APPLESAUCE, DEHYDRATED

ARROWROOT POWDER

BAKING POWDER,

BAKING SODA,

BANANA SLICES, DEHYDRATED,

BARBECUE SPICE BLEND - GROUND

BARLEY FLAKES

BARLEY FOR SPROUTING

BARLEY, HULLED,

Barley, Hulless Waxy

BARLEY, PEARL

BASIL (EGYPTIAN) - CUT

BASIL (SWEET CALIFORNIA), CUT

BAY LEAVES, CUT

BAY LEAVES, WHOLE

BEANS, BLACK, BULK, FREEZE DRIED

BEANS, 10-BEAN MIX,

Anasazi Beans

BEANS, AUZZUKIE

BEANS, BABY LIMAS,

BEANS, BLACK EYED,

BEANS, BLACK TURTLE,

BEANS, GARBANZO,

BEANS, GREAT NORTHERN WHITE,

BEANS, GREEN, DEHYDRATED,

BEANS, KIDNEY,

BEANS, LARGE LIMA,

BEANS, MUNG,

BEANS, NAVY, BULK, DEHYDRATED,

BEANS, PINK,

BEANS, PINTO,

Refried Beans

Refried Beans w/corn oil

BEANS, SMALL RED

BEANS, SMALL WHITE, NAVY

BEANS, SOY,

BEANS, SPROUTING, AUZZUKIE,

BEANS, SPROUTING, GARBANZO,

BEANS, SPROUTING, MUNG,

BEANS, SPROUTING, SOY,

BEE POLLEN

Bouillon, Beef

Bouillon, Chicken

BROCCOLI, DEHYDRATED

BUCK WHEAT, HULLED,

BURDOCK ROOT CUT

BUTTER POWDER,

BUTTERMILK POWDER

CABBAGE

CABBAGE SEED,

CAJUN SPICE BLEND, GROUND

CAKE MIX, GINGERBREAD (ADD WATER)

CAKE MIX, BROWNIE (ADD WATER)

CAKE MIX, CARROT (ADD WATER)

CAKE MIX, DEVIL’S FOOD

CAKE MIX, LEMON

CAKE MIX, POUND CAKE (ADD WATER)

CAKE MIX, SPICE

CAKE MIX, SWISS CHOC (ADD WATER)

CAKE MIX, WHITE

CAKE MIX, YELLOW

CAKE, FUNNEL (ADD WATER)

CARAWAY SEED

CARDAMOM (DECORTICATED) WHOLE

CARDAMOM (WHOLE GREEN PODS)

CARDAMOM (GROUND)

CAROB (ROASTED), POWDERED

CARROT DICES, DEHYDRATED,

CAYENNE (40 HEAT UNIT) DOMESTIC

CAYENNE (60 HEAT UNIT) IMPORTED

CAYENNE (90 HEAT UNIT)

CELERY

CELERY SEED - GROUND

CELERY SEED - WHOLE

CHAMOMILE TEA BAGS

CHEESE SAUCE, DEHYDRATED, BULK

CHEESE, CHEDDAR, DEHYDRATED, BAG

CHIA SEEDS (FOR SPROUTING)

CHICKWEED

CHILI BLEND, GROUND

CHILI PEPPERS, GROUND

CHILI, CRUSHED

CHINESE FIVE SPICE,

CHIVES, CUT

CHOCOLATE CHIPS, MILK CHOCOLATE

CHOCOLATE CHIPS, SEMI SWEET

CILANTRO CUT

CINNAMON CHIPS, SMALL CUT

CINNAMON POWDER

CINNAMON STICKS, 1 INCH,

CLOVES (SMALL VERY FRAGRANT)

CLOVES POWDER

Cocoa Mix

Cocoa Mix Chocolate Mint Truffle

Cocoa Mix Mint

Cocoa Mix, Orange Creme

COCOA FOR COOKING,

COCONUT (UNSWEETENED) - MEDIUM

53

CORIANDER SEED, GROUND

CORIANDER SEED, WHOLE

CORN MEAL, BAG

CORN, SWEET, DEHYDRATED

CORN, WHOLE YELLOW, PAPER BAG

Corn, Yellow Grit-hominy polenta

CORNSTARCH

Corn Syrup Solids

CREAM OF TARTAR

CUMIN SEED, GROUND

CUMIN SEED, WHOLE

CURRY POWDER, HOT BLEND

CURRY POWDER, REGULAR BLEND

DILL SEED, WHOLE

DILL WEED, (DOMESTIC) CUT

DOUGH ENHANCER, NATURAL

DRESSING, 1000 ISLAND

DRESSING, BLEU CHEESE,

DRESSING, OUR HOUSE DRESSING

DRINK BASE, APPLE CIDER, INSTANT,

DRINK MIX, APPLE, DEHYDRATED,

DRINK MIX, CHERRY,

DRINK MIX, Fruit Punch

DRINK MIX, GRAPE,

DRINK MIX, HOT CIDER,

DRINK MIX, LEMONADE,

DRINK MIX, ORANGE,

DRINK MIX, Peach

DRINK MIX, PINK LEMONADE,

DRINK MIX, STRAWBERRY,

DRINK MIX. Tofu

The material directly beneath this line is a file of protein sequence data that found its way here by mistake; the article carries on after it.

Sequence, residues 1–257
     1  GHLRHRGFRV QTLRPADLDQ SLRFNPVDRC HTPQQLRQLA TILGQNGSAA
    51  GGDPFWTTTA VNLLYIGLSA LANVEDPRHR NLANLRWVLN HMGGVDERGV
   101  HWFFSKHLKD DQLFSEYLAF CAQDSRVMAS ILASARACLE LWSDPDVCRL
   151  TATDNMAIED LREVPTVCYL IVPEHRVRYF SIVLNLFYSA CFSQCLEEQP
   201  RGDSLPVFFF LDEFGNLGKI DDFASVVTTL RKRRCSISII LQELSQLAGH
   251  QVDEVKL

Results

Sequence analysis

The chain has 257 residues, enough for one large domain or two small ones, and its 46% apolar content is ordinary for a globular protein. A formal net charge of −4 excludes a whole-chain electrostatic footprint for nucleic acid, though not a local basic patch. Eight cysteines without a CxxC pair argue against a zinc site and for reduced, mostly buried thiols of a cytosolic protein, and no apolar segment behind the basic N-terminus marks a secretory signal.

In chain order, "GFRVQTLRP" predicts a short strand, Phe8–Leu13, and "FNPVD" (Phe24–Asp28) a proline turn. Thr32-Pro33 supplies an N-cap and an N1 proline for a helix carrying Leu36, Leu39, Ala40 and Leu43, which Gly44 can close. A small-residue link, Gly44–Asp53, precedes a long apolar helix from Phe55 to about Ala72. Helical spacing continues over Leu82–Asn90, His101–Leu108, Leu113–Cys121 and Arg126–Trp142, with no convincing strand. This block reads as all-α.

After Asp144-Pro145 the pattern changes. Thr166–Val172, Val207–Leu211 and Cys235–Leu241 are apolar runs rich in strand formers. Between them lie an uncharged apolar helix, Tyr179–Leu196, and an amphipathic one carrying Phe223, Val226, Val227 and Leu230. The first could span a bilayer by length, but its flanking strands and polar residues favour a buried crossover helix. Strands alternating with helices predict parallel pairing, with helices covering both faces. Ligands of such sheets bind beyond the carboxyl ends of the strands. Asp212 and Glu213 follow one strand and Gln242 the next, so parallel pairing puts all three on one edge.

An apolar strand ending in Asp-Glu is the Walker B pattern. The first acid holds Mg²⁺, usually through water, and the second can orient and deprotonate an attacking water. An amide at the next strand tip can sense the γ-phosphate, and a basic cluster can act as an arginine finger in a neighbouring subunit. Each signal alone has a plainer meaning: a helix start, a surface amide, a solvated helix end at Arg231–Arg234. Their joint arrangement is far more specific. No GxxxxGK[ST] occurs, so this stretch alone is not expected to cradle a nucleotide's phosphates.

DRINK, APPLE, W/FRUIT JUICE

DRINK, PEACH, DEHYDRATED, BG

EGG MIX, DEHYDRATED,

EGG WHITES, DEHYDRATED,

EGGS, Whole

FAJITA SEASONING,

FENNEL SEED, POWDER

FENNEL SEED, WHOLE

FENUGREEK SEED, WHOLE

FLAVOR CRYSTALS, MAPLE, NATURAL & ART

FLAVOR CRYSTALS, VANILLA, NATURAL & AR

FLAVOR CRYSTALS, WALNUT, NATURAL & AR

FLAX SEED,

FLOUR, ALL PURPOSE,

FLOUR, BAKERS BLEND high protein

FLOUR, Whole Wheat

FLOUR, Whole Wheat Red

FLOUR, UNBLEACHED,

FLOUR, UNBLEACHED, Hard White

FLOUR, UNBLEACHED-Red

FLOUR, UNBLEACHED-White

FRANKINCENSE

FROSTING MIX, CHOCOLATE

FROSTING MIX, FUDGE

FRUCTOSE,

FRUIT BLEND (TASTY TEA) NO CAFFEINE

FRUIT BLEND TEA BAG

FRUIT GALAXY, DEHYDRATED BAG

FRUIT WHIRLS

54

GARLIC (DOMESTIC),

GARLIC GRANULES (CALIFORNIA)

GARLIC POWDER (DOMESTIC)

GARLIC MINCED

G EL CAPS -00-

GELATIN, CHERRY,

GELATIN, LEMON,

GELATIN, LIME,

GELATIN, ORANGE,

GELATIN, PEACH,

GELATIN, RASPBERRY,

GELATIN, STRAWBERRY,

GERMADE,

GINGER ROOT PIECES, 1/4 IN PIECES

GINGER ROOT POWDER

GINSENG POWDER

GOTU KOLA POWDER

GRANOLA, 25 LB BAG

GRAVY MIX, BROWN,

GRAVY MIX, CHICKEN,

GRAVY MIX, TURKEY,

GRAVY, COUNTRY STYLE,

GREEK SEASONING, GROUND

HERB MIX (SALT SUBSTITUTE)

HONEY, Clover

HONEY, Creamy Whipped

HONEY, COX’S (CREAMED)

ITALIAN SEASONING, CUT

ITALIAN SEASONING, GROUND

KELP POWDER

Kamut

LECITHIN GRANULES

LEMON GRANULES

LEMON JUICE POWDER (INSTANT)

LEMON PEEL CUT

LEMON PEPPER BLEND, GROUND

LENTILS, 100 LB BAG

LICORICE MINT BLEND (TEA) NO CAFFEINE

LICORICE ROOT POWDER

LICORICE SPICE BLEND (TEA) CAFFEINE FREE

LICORICE STICKS

MACE, GROUND

Macaroni & Cheese

MAPLE LEAF

MARGARINE POWDER,

MARJORAM, CUT

MEAT TENDERIZER, SEASONED,

MEAT TENDERIZER, UNSEASONED,

MICROWAVE POPCORN CINCH BUTTER

MILK, INSTANT, NON FAT DRY,

MILK, REGULAR, NON FAT DRY,

MILLET,

MILLET, HULLED,

MIX, BELGIAN WAFFLE

MIX, BLUEBERRY MUFFIN

MIX, BROWNIE

MIX, BUTTERMILK BISCUIT

MIX, Cheasecake

MIX, CHOCOLATE CHIP COOKIE

MIX, COOKIE, CHOCOLATE CHIP

MIX, Fudge Brownie

MIX, Honeywheat Bread & Roll

MIX,Scones

MIX, WHITE FROSTING,

MOLASSES, HOME MADE,

MRE, COMPLETE MEAL,